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Council members: It's time to kick diesel trucks out of D.C.

Dec. 6, 2013
Bill would ban diesel-powered vehicles after 2017

Several national and state trucking groups are objecting to proposed legislation that they say would, in effect, bar the operation of new diesel-powered vehicles in the District of Columbia after 2017. A provision in the Sustainable D.C. Omnibus Act of 2013 (B20-0573) would ban the registration of new diesel-powered vehicles – trucks, buses, automobiles and fire trucks after that year. The legislation, which was introduced last month, is the cornerstone of Mayor Vincent Gray’s Sustainable DC plan.

In a Dec. 4 letter to D.C. Council Chairman Phil Mendelson the groups – the American Trucking Assns., the American Moving and Storage Assn., Truck Renting and Leasing Assn., Maryland Motor Truck Assn. and Virginia Trucking Assn. – said that the legislation apparently would do more than just ban the registration and operation of new diesel vehicles based in the city. Rather, it would bar the operation of any new diesel vehicle registered in any state or province under the International Registration Plan – in effect, any interstate truck or tractor over 26,000 lbs. gross weight.

“Although many motor carriers are considering whether natural gas or other alternative fuels are suitable for their operations, it will be many years – far longer than 2018 – before a significant portion of the commercial vehicle population of this country will be other than diesel vehicles,” the groups told Mendelson.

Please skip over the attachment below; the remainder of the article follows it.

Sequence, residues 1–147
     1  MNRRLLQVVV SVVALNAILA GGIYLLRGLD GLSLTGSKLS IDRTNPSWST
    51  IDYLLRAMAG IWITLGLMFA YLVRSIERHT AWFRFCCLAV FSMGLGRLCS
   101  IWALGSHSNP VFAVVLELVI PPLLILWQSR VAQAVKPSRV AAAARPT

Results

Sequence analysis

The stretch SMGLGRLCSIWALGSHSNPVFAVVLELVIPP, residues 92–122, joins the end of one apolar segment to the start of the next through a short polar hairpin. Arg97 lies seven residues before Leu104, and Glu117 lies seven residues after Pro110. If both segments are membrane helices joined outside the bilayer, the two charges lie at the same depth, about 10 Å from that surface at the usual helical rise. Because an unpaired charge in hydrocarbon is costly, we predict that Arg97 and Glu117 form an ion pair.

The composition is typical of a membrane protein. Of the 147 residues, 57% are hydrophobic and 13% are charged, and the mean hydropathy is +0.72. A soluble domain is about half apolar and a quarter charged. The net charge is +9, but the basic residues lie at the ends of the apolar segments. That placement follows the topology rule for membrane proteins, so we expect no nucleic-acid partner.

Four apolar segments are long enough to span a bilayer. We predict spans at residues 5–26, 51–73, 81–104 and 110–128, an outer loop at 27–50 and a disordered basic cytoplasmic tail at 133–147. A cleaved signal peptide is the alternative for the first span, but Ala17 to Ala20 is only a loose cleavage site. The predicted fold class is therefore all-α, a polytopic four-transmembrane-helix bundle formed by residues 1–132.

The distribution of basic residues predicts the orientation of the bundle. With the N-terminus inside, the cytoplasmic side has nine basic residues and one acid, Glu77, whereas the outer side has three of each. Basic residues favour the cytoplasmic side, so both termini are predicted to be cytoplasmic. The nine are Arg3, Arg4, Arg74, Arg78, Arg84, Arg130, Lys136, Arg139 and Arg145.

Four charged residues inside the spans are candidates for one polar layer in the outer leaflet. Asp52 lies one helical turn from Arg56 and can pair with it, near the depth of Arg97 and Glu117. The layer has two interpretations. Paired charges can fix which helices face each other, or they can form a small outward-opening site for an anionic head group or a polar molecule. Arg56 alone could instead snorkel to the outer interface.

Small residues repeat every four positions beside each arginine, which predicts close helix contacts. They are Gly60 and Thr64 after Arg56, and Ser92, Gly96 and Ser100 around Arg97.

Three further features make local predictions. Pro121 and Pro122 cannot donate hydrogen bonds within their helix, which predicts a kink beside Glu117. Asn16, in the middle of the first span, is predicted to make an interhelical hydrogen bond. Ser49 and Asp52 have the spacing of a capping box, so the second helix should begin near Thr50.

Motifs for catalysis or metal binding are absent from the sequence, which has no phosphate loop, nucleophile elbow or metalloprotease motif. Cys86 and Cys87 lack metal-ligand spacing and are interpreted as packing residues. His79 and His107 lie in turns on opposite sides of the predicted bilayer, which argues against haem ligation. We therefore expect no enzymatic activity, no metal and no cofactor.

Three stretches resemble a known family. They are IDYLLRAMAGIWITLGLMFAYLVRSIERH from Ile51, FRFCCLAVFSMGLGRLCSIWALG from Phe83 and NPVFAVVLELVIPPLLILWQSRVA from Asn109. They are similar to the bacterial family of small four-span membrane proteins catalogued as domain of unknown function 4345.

Given the typical four-year replacement cycle, a majority of trucks operated by motor carriers could be barred from D.C. as early as 2020, the groups said. “We believe that this result, which was presumably unintended by those drafting the legislation, would have an extraordinarily disruptive effect on the delivery of most freight into the city and that such a restriction  may violate federal statute as well.”

Another unintended consequence of the legislation is that the older trucks that could continue operating in D.C. after 2017 likely would be less environmentally friendly and, arguably, less safe because carriers are increasingly able to incorporate advanced technologies such as lane departure warning and anti-rollover, the groups told Mendelson.

“We recommend that the District rely instead on market forces and federal regulations to improve the environmental friendliness of the diesel fleet, and use targeted incentives – as indeed other provisions of the act embody – where necessary,” the groups said.

“We’re very concerned that this provision, which is unnecessary to achieve the goals of the overall bill, would have a number of adverse effects on the residents and businesses in our nation’s capital,” said Bob Pitcher, ATA vice president of state laws. “If enacted as written, there will be serious disruptions to the supply chain for D.C. – which receives the vast majority of its goods via truck.”

Unintended consequences go beyond less clean, less safe equipment, Pitcher said. “Shippers may also choose to receive smaller, more frequent deliveries in smaller gasoline-powered vehicles – many, many gasoline-powered vehicles to add to one of the nation’s already most congested cities.”

Over time, carriers might steer clear of D.C. altogether, benefitting the economies of Maryland and Virginia at the expense of the district, Pitcher said.

About the Author

Avery Vise | Contributing editor

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